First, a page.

A community project hosted at Northeastern University

Tattoo and Commemorating The 2013 Boston Marathon Tragedy

Introduction

           The city of Boston is symbolic of the nature and character of America as a whole. It has its reputation as gritty and resilient being the same community that waged revolution against the full oppressive weight of the British Empire in the name of American independence. Ironically on Patriot’s Day 2013, the Boston community would again prove itself resilient in the face of a threat when two explosions rattled Boylston Street near the Boston Marathon finish line. The Greater Boston Community was struck with a degree trauma after witnessing the events of the 2013 Marathon, but would live up to its feisty reputation when the manhunt for those responsible was a success just five days after the incident. Even so, the trauma still looms…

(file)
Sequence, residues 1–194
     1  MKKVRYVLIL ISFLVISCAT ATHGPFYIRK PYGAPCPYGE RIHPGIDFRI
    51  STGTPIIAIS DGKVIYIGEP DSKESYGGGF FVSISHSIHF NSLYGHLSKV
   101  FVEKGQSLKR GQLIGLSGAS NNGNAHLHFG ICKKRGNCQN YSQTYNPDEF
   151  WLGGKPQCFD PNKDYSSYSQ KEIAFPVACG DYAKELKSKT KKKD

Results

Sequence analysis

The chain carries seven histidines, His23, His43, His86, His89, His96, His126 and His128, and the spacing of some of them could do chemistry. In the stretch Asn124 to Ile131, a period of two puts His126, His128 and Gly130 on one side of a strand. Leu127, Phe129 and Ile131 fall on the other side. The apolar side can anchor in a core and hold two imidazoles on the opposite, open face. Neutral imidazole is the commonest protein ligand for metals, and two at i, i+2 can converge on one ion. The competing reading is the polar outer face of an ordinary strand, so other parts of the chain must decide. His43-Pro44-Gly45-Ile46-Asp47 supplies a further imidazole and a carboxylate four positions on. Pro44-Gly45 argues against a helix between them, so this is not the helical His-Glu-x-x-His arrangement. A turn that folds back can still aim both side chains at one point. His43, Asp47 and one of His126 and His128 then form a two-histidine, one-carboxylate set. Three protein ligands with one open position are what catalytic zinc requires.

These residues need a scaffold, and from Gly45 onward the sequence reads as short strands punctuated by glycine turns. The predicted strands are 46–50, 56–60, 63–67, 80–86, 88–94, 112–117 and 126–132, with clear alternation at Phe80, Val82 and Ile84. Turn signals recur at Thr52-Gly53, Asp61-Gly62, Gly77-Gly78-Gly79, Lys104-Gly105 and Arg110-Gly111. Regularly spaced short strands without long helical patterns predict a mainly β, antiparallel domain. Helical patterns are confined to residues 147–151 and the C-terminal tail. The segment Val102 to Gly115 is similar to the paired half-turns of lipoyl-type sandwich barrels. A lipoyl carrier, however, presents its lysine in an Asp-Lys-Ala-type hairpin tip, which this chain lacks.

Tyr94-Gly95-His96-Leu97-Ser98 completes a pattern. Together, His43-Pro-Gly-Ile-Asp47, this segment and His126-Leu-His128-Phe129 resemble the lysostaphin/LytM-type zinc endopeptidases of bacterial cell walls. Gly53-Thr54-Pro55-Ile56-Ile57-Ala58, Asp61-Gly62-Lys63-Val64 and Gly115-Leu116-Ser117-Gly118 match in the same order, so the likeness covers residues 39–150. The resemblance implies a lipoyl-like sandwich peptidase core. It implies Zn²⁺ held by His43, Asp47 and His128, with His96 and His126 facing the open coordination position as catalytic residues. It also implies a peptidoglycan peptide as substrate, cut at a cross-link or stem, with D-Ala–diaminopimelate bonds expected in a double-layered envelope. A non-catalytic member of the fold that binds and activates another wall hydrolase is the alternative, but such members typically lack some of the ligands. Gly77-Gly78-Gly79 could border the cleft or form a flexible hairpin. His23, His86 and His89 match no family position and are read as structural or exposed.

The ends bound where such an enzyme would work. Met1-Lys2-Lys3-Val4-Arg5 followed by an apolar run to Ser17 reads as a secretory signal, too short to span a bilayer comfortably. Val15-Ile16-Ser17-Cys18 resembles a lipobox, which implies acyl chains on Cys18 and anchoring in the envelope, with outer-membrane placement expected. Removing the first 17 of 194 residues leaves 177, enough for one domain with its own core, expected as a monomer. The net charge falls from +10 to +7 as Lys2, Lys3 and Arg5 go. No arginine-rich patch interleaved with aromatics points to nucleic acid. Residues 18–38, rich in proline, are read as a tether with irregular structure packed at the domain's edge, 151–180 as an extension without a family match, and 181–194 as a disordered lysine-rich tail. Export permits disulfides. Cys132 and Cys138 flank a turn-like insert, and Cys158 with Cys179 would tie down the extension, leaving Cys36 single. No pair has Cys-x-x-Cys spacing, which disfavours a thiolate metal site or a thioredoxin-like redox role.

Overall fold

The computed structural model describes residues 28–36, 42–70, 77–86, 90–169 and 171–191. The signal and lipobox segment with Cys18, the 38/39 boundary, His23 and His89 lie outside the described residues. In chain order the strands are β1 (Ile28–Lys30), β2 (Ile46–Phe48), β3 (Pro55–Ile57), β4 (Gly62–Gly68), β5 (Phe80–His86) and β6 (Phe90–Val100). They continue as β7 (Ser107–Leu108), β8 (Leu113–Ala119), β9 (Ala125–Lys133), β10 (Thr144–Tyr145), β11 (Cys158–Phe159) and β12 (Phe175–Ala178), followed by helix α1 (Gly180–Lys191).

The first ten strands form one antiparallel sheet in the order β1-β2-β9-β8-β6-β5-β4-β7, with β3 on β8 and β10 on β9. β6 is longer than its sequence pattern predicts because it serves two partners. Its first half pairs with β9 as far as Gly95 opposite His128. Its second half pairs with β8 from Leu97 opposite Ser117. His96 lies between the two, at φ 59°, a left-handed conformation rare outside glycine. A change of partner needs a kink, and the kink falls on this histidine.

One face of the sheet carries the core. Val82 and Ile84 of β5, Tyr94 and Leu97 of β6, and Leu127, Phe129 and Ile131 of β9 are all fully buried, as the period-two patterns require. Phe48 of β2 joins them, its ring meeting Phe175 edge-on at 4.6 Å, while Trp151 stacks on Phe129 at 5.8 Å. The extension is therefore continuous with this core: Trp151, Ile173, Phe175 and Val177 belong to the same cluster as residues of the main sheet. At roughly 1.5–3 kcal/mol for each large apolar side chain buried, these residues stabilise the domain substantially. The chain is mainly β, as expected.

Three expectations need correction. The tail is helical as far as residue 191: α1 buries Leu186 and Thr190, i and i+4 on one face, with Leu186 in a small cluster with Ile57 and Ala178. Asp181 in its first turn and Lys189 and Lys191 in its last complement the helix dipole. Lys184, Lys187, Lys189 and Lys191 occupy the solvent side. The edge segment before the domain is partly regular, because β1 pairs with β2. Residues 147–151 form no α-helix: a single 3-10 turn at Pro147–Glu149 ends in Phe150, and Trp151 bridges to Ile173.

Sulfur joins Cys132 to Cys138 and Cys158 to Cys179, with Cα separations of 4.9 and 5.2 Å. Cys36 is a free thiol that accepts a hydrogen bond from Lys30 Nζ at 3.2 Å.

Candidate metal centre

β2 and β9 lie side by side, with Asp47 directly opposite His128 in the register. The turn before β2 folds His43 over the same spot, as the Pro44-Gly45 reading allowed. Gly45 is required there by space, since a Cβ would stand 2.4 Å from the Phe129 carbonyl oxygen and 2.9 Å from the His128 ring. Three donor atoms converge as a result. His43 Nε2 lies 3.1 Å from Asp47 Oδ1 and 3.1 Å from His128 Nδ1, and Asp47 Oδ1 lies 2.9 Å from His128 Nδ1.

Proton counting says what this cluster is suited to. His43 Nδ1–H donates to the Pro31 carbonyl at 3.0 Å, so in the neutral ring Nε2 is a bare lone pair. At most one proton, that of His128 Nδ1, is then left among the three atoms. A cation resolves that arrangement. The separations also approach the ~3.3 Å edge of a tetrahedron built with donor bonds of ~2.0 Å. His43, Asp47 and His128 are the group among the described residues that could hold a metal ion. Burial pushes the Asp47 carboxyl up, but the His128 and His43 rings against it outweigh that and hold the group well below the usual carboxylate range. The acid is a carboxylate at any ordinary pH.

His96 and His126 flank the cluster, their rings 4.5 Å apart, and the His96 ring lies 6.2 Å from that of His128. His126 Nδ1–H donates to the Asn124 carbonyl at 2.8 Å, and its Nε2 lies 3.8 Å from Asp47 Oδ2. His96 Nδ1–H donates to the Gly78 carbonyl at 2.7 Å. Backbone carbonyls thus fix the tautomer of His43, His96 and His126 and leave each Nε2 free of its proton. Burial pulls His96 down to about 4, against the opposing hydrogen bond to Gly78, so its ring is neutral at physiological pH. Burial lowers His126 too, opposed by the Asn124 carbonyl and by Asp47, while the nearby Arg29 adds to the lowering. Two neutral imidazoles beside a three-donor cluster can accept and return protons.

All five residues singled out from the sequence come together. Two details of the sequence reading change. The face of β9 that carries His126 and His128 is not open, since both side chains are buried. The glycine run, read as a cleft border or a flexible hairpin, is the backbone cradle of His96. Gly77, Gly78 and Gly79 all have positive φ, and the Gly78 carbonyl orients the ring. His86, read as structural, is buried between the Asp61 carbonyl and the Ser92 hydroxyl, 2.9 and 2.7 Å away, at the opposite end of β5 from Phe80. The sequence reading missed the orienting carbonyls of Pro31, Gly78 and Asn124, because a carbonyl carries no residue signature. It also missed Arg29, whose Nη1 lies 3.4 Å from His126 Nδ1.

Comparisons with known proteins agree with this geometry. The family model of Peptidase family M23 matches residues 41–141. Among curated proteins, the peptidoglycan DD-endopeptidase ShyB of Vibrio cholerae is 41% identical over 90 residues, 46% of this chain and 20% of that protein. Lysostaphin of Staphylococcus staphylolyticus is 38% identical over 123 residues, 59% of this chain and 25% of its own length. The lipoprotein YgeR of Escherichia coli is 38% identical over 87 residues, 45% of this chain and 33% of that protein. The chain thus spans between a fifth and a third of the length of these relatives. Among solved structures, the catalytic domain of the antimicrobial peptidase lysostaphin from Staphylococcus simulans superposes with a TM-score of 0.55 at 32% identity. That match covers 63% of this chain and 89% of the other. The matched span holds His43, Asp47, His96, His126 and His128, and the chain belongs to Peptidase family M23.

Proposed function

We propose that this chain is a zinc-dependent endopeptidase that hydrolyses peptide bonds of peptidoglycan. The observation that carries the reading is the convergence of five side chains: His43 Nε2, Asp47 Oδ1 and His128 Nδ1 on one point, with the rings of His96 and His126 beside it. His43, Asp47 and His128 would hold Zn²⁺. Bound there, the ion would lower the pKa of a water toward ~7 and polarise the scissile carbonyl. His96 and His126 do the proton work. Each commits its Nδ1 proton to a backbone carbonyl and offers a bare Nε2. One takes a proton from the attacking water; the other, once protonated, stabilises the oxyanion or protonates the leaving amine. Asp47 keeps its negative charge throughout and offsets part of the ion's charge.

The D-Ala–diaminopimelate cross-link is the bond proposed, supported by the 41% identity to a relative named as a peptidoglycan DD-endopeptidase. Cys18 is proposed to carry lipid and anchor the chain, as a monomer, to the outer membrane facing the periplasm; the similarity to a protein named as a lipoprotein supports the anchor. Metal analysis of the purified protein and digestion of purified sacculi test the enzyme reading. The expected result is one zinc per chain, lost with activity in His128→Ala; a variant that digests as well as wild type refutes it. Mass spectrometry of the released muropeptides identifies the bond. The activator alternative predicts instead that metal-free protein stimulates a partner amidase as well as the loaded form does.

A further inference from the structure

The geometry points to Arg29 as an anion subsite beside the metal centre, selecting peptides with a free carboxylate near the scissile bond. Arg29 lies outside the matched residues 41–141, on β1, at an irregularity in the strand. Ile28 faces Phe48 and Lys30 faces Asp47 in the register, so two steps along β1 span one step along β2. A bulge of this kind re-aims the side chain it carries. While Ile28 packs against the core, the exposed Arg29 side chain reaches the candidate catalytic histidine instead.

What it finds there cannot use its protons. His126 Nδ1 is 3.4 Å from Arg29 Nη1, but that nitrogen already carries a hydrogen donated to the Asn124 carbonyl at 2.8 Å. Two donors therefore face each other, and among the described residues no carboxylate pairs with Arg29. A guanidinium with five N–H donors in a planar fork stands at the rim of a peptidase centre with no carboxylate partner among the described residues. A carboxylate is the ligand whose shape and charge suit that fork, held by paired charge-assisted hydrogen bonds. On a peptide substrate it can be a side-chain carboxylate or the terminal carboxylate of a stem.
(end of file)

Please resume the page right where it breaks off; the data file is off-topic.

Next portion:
Trauma has historically been dealt with in any number of ways, but in the wake of this tragedy, many Bostonians have simultaneously confronted their personal traumas while commemorating their community forfeiting portions of their own skin in permanent ink. People receive tattoos in commemoration of many kinds of experiences, particularly to memorialize an experience monumental in their lives. Tattoo, for instance, has been commonplace for soldiers for ages, marking their experiences somewhere on their bodies in permanent ink, perhaps to permanently embody their experiences onto themselves.  Judith Sarnecki notes in her journal article Trauma and Tattoo that “writing in the flesh in some permanent way help[s] us both to let go and to memorialize a particularly painful or traumatic event in life.” Thus, the commemorative Marathon tattoos embody the personal experiences of Bostonians in their closely-knit community and the community’s hardwearing reaction to the tragedy. Channeling the trauma through tattoo may also be “a way to understand and incorporate a physical and psychological loss while regaining some sense of control and a new sense of empowerment,” says Sarnecki. In the aftermath of the Marathon bombing, the Boston community has only grown more unified. Though it may not be the largest city, the diverse community includes people from every corner of the globe who are proud to call Boston home. Bostonians’ pride in their community is characterized by these tattoos: